Example Java Application with Embedded Jetty and a htmx Website

I was experimenting with a Java application that can act as a web server and includes the user interface HTML-files that get modified with htmx, to replace certain parts of the HTML with other ones created in Java.

I found it pretty hard to understand how to configure the embedded Jetty webserver, but as always with Java libraries, it’s pretty easy once you understand how to do it I decided to share my example, so you don’t need to go through the same search if you want to use the same approach…

For this experiment, I was inspired by the book “Modern frontends with htmx” written by Wim Deblauwe. You can read my review of that book here.

What is (Eclipse) Jetty?

As described on eclipse.dev/jetty: “Jetty provides a web server and servlet container, additionally providing support for HTTP/2, WebSocket, OSGi, JMX, JNDI, JAAS and many other integrations. These components are open source and are freely available for commercial use and distribution.”

Jetty can be run as a stand-alone webserver, or integrated in a Java application. The integrated approach is what I wanted to use and is described here.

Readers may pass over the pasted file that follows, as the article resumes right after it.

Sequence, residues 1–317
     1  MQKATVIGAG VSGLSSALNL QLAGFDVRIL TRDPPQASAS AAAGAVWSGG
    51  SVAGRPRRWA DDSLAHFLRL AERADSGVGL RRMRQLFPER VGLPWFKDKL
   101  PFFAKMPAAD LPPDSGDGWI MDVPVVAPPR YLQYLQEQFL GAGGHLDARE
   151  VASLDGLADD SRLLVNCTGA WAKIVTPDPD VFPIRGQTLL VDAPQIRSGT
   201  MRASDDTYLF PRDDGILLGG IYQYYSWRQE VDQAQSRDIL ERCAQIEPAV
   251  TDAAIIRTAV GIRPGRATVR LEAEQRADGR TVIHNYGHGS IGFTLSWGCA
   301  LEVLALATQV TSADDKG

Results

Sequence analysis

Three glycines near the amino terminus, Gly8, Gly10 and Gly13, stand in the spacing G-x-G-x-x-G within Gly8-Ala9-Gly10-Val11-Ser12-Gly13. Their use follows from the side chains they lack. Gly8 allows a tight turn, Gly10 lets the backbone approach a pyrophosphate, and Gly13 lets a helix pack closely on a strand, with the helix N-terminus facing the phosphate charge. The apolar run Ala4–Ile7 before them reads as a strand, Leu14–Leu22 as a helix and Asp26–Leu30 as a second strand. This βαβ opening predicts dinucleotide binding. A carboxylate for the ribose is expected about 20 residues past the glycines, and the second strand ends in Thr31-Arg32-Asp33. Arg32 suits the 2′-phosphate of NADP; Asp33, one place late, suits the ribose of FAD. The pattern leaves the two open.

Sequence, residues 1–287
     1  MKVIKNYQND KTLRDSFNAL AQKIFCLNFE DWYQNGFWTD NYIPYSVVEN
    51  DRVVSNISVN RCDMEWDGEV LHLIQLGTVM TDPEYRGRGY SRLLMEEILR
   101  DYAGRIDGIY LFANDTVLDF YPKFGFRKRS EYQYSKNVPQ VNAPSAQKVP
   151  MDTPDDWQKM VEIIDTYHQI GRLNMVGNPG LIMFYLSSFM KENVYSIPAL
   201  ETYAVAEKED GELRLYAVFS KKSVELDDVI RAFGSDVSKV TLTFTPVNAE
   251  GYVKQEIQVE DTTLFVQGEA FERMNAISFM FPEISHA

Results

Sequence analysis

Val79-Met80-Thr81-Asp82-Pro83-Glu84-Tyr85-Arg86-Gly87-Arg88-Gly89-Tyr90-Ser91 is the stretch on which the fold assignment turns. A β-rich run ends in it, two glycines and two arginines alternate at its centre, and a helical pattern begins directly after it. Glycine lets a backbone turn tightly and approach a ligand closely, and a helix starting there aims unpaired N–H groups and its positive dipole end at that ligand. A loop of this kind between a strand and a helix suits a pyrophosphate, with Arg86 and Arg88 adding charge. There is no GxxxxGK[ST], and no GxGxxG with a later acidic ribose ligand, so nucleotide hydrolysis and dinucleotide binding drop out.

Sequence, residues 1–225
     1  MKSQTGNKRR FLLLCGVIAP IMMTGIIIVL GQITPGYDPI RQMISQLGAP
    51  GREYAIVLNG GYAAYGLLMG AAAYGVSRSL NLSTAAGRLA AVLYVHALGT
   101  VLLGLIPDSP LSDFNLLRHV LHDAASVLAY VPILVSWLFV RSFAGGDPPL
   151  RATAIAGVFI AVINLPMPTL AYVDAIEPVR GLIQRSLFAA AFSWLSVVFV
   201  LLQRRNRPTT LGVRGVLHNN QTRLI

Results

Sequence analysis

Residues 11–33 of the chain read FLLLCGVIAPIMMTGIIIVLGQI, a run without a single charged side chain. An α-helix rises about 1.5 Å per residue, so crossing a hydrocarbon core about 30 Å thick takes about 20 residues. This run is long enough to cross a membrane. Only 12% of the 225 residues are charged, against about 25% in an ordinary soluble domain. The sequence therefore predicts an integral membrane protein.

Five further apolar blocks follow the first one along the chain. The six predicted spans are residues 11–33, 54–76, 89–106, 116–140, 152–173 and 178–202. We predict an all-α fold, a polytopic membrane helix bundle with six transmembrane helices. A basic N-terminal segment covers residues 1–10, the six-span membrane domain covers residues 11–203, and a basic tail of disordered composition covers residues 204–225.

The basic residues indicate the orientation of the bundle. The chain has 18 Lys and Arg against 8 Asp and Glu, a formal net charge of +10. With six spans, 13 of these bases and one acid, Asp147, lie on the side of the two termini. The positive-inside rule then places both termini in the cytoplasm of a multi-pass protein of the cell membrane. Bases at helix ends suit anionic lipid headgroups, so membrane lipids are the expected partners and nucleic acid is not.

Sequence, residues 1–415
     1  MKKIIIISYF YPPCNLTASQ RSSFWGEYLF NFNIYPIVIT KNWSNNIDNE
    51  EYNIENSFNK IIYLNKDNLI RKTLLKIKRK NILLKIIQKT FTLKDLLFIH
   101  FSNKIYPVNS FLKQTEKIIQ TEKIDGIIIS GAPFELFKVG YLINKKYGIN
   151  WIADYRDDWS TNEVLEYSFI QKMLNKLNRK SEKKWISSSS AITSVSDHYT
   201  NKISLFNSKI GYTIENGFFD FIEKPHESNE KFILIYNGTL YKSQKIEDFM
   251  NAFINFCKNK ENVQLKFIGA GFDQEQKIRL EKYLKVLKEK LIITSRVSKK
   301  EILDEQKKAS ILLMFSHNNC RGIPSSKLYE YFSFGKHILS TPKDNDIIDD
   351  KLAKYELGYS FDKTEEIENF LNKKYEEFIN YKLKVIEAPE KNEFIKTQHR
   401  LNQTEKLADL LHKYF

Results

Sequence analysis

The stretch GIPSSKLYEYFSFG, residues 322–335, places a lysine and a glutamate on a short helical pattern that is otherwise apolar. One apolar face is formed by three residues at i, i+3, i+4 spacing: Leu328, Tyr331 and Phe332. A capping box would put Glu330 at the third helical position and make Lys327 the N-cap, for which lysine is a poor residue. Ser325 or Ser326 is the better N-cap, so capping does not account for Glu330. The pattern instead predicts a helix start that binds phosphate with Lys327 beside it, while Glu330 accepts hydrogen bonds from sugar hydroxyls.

What is htmx?

As described on htmx.org: “htmx gives you access to AJAX, CSS Transitions, WebSockets and Server Sent Events directly in HTML, using attributes, so you can build modern user interfaces with the simplicity and power of hypertext”

It’s a JavaScript library you add to your website, that allows you to “swap” HTML elements with other HTML provided by the server. It uses a different approach compared to most JavaScript frameworks that load JSON from an API and generate HTML on the client side. With htmx, you get fully formatted HTML back from the server and add it to your webpage, or replace other elements.

The htmx website gives this minimal example for a webpage with the action: _”When a user clicks on this button, issue an AJAX request to MARKDOWN_HASH15537f6d76c78712ccd209e4e3f83362MARKDOWNHASH, and replace the entire button with the HTML response”:

<script src=”https://unpkg.com/htmx.org@1.9.11″></script>
<!– have a button POST a click via AJAX –>
<button hx-post=”/clicked” hx-swap=”outerHTML”>
Click Me
</button>

Example Application

The sources of this example application are available on GitHub. It’s a Maven project that will provide two HTML pages, one with “simple” htmx, and one using a websocket.

Dependencies